Fund Manager Speaks – March 2019

Market Overview – March 2019 Quarter

Global Economy:

The slew of negative economic headlines in the recent past has been capturing global growth uncertainties. The International Monetary Fund has downgraded the growth forecast, the Brexit conundrum is stretching on, the dispute between the United States (US) and China is affecting trade, and the global oil market is as volatile as ever.

However, global economy defies doomsayers in first quarter as over the past few days, the three largest economic blocs in the world – the EU, China and the US, comprising almost half of the global output have published their first quarter estimates and all three have been stronger than expected.

USA: The US economy grew by an annualized 3.2% in the first quarter of 2019 (1st time since 2015 that Q1 GDP topped 3%), easily beating market expectations of 2% and following a 2.2% expansion in the previous three-month period. Personal consumption expenditure, higher exports and increase in government spending were the key drivers for the GDP growth.

Fed Rate: A strengthening economy had prompted members of the FOMC to raise rates nine times since 2015, with four increases coming under Mr. Powell’s leadership but they have adopted a cautious stance this year, first as growth wavered and more recently as inflation has fallen below the committee’s 2% target.

At its meeting held on May 1, 2019 the Federal Reserve held its rate unchanged as Mr. Powell stressed that it would remain patient even as investors looked for a rate cut and President Trump urged one.

China: The Chinese economy grew 6.4% Y-o-Y which is better than expected but matching Q4’18 growth rate which is the weakest in nearly 30 years. With growth of manufacturing sector slowing and additional tariffs imposed on Chinese goods by the US on 10Th May would lead to slow down in GDP growth in coming quarters.

Indian Economy:

India losses the fastest growing economy tag to China as GDP growth falls to 5.8% in Q4.  Low agriculture and mining output along with subdued consumer demand due to NBFC liquidity issues slowed down the economic growth rate. Government believes that the slowdown will continue in Q1 FY20 but the situation should improve from Q2 FY20.

Re-election of the Modi government with an improved mandate ensures political stability and continuity. That said, the economy is faced with numerous challenges and hence, bold steps will be required by the government for economic revival.

RBI Policy: With economic growth slowing down to slowest in the last 3 years in Q4 and inflation continue to being benign, the RBI is likely to cut repo rate by 25 bps (taking the cumulative cuts to 75 bps in 2019) at its meeting to be held on 6th June 2019 which will be the 1st policy meet of the central bank after elections.

Corporate Performance:

Weakness in consumer spending and softening commodity prices have led India Inc to deliver a 6-quarter low revenue growth of 10.7% in January-March period. From profitability perspective, operating margins also narrowed 0.78% Y-o-Y to 16.8% during the period.

The weakness in consumer linked sentiment impacted sectors like FMCG, Automotive, Real Estate sectors, exports focused sectors like Textiles and Pharma also continue to be under pressure whereas margins in Chemical sector were impacted due to crude oil volatility. PSU as well as Private Banks improved their performance due to lower provisioning, IT companies did well whereas Cement, Steel and Capital Goods benefitted from higher utilisation of capacities.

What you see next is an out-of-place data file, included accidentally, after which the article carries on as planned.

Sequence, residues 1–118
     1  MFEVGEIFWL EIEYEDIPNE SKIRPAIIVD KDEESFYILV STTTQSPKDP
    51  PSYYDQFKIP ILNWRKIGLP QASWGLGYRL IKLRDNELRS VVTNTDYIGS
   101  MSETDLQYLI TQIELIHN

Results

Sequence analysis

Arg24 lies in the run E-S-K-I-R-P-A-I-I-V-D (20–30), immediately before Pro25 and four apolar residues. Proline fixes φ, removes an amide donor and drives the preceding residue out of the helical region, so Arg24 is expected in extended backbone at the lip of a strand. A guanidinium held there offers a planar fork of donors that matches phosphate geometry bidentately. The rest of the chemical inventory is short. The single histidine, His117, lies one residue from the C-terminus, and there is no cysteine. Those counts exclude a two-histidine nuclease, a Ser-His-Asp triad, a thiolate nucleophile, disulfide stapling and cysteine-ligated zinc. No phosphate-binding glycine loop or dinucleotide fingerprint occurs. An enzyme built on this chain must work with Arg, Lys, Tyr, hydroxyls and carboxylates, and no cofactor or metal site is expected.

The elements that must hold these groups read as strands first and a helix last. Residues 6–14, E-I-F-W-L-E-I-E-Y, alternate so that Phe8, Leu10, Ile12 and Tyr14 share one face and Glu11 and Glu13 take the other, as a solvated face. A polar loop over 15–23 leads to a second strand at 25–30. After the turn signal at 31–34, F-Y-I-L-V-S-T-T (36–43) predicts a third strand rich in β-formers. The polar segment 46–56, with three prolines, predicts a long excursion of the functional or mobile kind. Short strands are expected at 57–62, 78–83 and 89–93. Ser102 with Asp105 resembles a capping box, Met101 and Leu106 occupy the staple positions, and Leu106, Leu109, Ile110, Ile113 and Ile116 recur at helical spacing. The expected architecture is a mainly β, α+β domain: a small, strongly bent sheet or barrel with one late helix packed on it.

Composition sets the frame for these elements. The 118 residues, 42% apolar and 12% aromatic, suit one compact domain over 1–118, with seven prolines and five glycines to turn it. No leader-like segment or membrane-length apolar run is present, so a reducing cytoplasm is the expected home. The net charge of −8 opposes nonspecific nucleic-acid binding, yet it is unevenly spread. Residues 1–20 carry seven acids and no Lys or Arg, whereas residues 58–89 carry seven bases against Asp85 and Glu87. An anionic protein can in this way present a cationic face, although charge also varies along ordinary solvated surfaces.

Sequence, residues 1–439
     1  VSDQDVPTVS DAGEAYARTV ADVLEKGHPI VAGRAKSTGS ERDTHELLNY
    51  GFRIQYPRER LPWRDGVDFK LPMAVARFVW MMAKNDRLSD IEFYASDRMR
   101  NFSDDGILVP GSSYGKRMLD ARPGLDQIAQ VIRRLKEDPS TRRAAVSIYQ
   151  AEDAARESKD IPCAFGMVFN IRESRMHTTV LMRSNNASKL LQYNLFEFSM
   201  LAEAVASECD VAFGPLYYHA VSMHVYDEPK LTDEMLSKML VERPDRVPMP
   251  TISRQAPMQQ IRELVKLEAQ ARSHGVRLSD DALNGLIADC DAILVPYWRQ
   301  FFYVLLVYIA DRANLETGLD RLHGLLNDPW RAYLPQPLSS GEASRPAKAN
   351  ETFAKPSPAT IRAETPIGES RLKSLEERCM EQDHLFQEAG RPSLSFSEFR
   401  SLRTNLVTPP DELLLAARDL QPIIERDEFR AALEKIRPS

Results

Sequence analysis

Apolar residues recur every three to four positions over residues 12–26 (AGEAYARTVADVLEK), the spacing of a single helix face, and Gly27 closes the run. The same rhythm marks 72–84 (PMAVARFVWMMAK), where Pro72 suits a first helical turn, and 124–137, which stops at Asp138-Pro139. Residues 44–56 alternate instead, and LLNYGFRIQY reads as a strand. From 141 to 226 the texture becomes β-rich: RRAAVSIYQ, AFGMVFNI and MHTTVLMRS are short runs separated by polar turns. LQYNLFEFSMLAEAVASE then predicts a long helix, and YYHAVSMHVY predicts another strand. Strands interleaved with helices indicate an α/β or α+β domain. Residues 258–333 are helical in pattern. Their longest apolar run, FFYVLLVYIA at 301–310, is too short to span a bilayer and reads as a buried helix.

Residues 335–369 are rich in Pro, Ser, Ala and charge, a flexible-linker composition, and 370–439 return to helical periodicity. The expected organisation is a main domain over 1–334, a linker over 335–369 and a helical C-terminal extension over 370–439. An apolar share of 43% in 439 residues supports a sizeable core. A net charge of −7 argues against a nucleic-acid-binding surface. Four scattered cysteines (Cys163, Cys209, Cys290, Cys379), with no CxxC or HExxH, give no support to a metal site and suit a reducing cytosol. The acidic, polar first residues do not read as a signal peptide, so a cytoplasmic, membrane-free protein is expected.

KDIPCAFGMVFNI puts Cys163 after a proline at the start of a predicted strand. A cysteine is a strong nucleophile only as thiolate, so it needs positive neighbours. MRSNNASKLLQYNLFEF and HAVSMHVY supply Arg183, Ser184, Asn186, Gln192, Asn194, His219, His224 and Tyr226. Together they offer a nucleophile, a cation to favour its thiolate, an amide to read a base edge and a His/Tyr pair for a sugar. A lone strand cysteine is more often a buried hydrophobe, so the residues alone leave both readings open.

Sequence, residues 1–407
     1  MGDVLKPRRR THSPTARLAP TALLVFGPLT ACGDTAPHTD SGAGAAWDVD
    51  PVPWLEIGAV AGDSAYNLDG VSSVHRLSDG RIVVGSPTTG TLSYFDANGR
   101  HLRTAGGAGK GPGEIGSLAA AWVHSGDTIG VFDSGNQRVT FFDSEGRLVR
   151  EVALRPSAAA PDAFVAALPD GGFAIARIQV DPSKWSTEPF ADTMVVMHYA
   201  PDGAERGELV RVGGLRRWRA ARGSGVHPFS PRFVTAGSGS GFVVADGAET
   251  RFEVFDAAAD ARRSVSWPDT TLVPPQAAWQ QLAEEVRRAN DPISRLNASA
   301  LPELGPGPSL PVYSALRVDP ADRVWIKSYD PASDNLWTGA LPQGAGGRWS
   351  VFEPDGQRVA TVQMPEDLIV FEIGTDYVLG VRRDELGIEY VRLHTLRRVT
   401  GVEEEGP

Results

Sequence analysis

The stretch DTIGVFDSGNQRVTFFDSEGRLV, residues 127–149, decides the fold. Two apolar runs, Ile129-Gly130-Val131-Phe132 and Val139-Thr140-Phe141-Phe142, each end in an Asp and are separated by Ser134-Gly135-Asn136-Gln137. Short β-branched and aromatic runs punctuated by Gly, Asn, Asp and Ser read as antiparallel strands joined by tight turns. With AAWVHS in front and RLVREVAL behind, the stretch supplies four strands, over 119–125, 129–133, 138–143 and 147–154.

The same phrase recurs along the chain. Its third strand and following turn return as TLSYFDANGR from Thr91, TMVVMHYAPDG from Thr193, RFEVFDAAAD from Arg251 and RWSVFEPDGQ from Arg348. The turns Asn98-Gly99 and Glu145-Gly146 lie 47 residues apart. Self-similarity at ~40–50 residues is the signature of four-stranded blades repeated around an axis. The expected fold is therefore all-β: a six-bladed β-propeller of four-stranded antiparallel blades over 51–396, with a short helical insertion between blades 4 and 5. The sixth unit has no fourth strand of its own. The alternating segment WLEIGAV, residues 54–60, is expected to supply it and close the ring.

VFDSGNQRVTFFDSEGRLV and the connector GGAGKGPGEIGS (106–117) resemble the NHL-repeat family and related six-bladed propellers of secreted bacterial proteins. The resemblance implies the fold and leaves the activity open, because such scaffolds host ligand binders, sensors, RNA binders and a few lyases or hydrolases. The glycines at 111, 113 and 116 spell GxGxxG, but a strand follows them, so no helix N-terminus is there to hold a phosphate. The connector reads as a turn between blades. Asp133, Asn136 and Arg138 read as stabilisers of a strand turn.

Stock Markets:

For the last nearly 18 months, the BSE small-cap and mid-cap indices have been under pressure due to sharp rise in crude oil prices and uncertainty around the central elections among other issues. Sensex gained 7.2%/7.9% in 2018/YTD-2019 while BSE mid-cap and small-cap lost (13.5%)/(4.9%) and (23.4%)/(2.7%) respectively.

Valuations of mid-cap and small-cap stocks which were frothy and had a premium over large-caps until last years, cooled off significantly due to sharp corrections. As per Bloomberg data, BSE mid-cap is trading at 15.4x one-year forward PE (lower than its 3-year average of 19.7x), BSE small-cap at 13.2x while BSE sensex is trading at 16.1x. The gap in valuations itself is causing many investors to now turn bullish on these segments. Following table shows the trend of net inflows as per AMFI data

With new fresh and affirmative mandate for BJP, FII and DII flows are expected to improve and this gap in valuations is likely to dwindle. We feel there is significant opportunity to generate Alpha in this space. With benign inflation outlook and the recent slowdown in the economy, we expect RBI to be dovish on interest rates. This will enhance liquidity which in turn will help mid-caps and small-caps outperform over the next few years.

Care PMS Strategy:

The prolonged and drastic fall has resulted in risk reward ratio becoming favorable for select mid and small-caps as performance has improved in FY19 whereas stock prices are lower. Hence, we believe we are very favorably placed to encash on the above opportunity as there is dearth of good stocks and not money. Hence, we are hopeful of good recovery in our portfolios in times to come.

For years, stocks in large companies were considered “investing” and stocks in small companies were considered “speculation,” but lately small stocks have become investments and the speculation is done in futures and options – Peter Lynch

Result update of our portfolio companies is attached for your reference

Happy Investing!!


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